Three years ago, we were transfixed by the epochal tragedy of the great Boxing Day tsunami. This year, it is Bhutto, and Tatiana the tiger that could and did and paid for it. Tragedies both, but these victims unlike the innocents on the beach of three years ago, paid for playing. My point here is not to judge the fairness of any of this, but to look at the role of accident in history a bit.
Assassinations are quite common in history, tsunamis are very rare, and zoo-based tiger predation of visitors almost unheard-of. Almost. That's the key word ... almost. One in a million is not zero. So when the strangely unrattled parents stated that things like this never happened to people, they forgot that one .... one in a million.
Let's start with Bhutto. It seems odd to me that it took her enemies so long to get her. She's been back in Pakistan for a couple of months, after all, and this is a place where political murder has been a commonplace at all levels of society. It looked like a well thought out operation at first, but then we find out that there was essentially no security and that it is at least possible that she was killed by banging her head. Even if a bullet did kill her, scoring a hit even at short range would be a crap shoot considering the pressing mob surrounding her vehicle. If she's inside the vehicle, the suicide bomb doesn't get her. So my skepticism ... reeking, to use the phrase of a former colleague in the "movement", of coffee and upholstery ... enjoys the notion that she cracked her skull on an armored SUV sunroof knob. I do not enjoy the fact that she has been killed because in the darkness that is the Pakistani future, she was at least a 5-watt bulb of hope for some sort of ephemeral moment of stasis or quietude.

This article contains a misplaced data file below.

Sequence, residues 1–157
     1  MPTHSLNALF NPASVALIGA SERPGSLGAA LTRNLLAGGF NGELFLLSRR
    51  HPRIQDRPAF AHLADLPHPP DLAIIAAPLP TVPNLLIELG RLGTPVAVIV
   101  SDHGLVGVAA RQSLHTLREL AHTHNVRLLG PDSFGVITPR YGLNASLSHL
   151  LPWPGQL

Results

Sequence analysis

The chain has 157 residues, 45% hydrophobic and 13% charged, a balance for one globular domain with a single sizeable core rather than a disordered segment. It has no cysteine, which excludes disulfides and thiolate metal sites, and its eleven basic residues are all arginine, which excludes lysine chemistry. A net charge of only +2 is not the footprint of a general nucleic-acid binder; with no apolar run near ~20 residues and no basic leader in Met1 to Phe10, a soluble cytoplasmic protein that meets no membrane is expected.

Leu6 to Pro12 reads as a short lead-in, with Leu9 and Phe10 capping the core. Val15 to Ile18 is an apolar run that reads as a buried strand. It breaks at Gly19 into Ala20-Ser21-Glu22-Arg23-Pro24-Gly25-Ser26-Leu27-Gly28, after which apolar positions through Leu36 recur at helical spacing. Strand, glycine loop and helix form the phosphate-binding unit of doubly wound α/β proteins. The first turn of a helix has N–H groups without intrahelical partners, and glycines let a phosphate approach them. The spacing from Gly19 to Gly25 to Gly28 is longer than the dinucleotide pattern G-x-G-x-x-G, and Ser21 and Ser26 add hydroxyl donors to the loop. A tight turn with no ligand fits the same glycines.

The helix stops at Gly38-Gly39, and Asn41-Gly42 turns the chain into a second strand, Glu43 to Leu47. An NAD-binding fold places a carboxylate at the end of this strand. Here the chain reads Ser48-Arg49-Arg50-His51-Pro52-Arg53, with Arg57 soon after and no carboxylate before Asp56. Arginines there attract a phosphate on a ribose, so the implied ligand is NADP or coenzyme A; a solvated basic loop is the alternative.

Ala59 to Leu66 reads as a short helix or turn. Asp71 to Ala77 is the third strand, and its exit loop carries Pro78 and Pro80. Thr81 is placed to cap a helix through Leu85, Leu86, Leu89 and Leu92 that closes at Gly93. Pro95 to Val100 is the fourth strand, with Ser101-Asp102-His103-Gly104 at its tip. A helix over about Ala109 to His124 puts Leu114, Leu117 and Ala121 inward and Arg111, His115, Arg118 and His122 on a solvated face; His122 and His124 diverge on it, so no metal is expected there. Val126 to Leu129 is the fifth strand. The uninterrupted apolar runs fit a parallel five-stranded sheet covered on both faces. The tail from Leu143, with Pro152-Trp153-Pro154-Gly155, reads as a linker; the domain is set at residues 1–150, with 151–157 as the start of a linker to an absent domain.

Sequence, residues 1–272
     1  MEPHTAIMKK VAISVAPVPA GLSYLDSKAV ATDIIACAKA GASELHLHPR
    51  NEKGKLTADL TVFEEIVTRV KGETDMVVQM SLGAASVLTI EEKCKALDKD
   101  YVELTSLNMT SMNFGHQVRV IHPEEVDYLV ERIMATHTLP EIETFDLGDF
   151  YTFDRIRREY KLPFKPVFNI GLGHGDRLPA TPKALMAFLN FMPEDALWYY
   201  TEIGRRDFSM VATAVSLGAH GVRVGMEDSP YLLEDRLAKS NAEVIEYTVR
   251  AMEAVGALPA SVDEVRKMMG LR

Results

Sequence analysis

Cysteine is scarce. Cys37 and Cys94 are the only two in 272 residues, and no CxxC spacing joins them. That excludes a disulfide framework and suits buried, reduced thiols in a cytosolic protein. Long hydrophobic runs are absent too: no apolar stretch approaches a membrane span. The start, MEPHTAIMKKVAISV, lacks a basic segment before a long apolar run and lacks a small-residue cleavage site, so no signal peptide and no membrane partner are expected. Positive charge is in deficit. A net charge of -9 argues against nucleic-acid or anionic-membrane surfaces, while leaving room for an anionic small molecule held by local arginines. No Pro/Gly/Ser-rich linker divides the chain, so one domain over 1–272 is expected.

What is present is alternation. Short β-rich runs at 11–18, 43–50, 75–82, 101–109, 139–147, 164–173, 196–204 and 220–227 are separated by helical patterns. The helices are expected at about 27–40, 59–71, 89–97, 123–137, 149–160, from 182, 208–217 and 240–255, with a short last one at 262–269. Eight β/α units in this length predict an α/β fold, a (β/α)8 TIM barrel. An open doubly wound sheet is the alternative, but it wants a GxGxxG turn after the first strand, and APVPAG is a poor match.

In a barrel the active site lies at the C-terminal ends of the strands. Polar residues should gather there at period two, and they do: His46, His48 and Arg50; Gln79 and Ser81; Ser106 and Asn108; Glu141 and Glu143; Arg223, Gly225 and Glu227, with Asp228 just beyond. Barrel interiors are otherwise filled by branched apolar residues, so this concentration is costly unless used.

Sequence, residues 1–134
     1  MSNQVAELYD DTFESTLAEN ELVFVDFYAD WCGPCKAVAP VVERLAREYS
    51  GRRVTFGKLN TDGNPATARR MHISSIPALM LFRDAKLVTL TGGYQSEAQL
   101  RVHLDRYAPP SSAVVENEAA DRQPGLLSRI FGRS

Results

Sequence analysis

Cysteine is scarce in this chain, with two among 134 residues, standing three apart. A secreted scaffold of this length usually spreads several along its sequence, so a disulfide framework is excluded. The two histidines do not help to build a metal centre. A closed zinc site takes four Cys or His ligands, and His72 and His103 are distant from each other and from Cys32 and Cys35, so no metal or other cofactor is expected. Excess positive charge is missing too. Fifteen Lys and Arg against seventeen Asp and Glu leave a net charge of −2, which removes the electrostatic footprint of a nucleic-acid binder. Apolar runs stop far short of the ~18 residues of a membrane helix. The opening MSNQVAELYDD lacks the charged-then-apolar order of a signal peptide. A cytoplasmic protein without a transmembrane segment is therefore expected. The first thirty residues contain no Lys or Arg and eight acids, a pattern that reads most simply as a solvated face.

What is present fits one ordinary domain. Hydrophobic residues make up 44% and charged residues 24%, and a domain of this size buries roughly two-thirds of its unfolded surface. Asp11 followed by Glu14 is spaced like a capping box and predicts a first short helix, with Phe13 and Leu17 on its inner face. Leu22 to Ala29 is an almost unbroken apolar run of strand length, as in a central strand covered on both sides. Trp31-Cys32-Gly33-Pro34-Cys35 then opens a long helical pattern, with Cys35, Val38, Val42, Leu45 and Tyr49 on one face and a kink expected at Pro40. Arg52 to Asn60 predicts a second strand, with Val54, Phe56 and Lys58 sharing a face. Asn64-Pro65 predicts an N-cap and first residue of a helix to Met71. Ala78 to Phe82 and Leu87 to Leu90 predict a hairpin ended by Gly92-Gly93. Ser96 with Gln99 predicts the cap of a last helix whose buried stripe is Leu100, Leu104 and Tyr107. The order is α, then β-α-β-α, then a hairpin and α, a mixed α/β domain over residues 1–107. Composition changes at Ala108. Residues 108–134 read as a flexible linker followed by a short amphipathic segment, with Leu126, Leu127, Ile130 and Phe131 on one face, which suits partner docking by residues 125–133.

But the fact is that her assassination is an accident. It might not have occurred. If she hadn't cracked her head, maybe she could have shamed Musharraf into providing some security. Maybe she might have bought herself a pope-mobile. This is not a one in a million accident ... more like a one in a hundred, or in fifty.
There are definable, albeit highly volatile, forces at work in Pakistan. But the accident of this assassination is a wild card, and a deterministic view of history can't predict either the fact of accident or the effects. After the fact, we can point to the dominant factors. Before the denouement ... whenever that might be ... we can speculate based on the factors. But we can't account for the accident, and accidents do occur.
The press, and especially the droning reciters on television, provide no context and merely look about nervously to see if they can repeat what someone has said while appearing original at least to themselves. I have yet to hear anyone talk about the ethnic issues ... Bhutto is an aristocratic Sindhi, christian- and western-educated, and I recall that she is Shia but I can't confirm that. Musharraf is an Indian-born Mohajir, the first mohajir Pakistani head-of-state. Nawaz Sharif is a Punjabi. Punjabis plus Sindhis plus Mohajirs equal about 70% of the population; the tribal areas have about 15%, considerably less than 15% of the economy, and even less of the army which is what counts.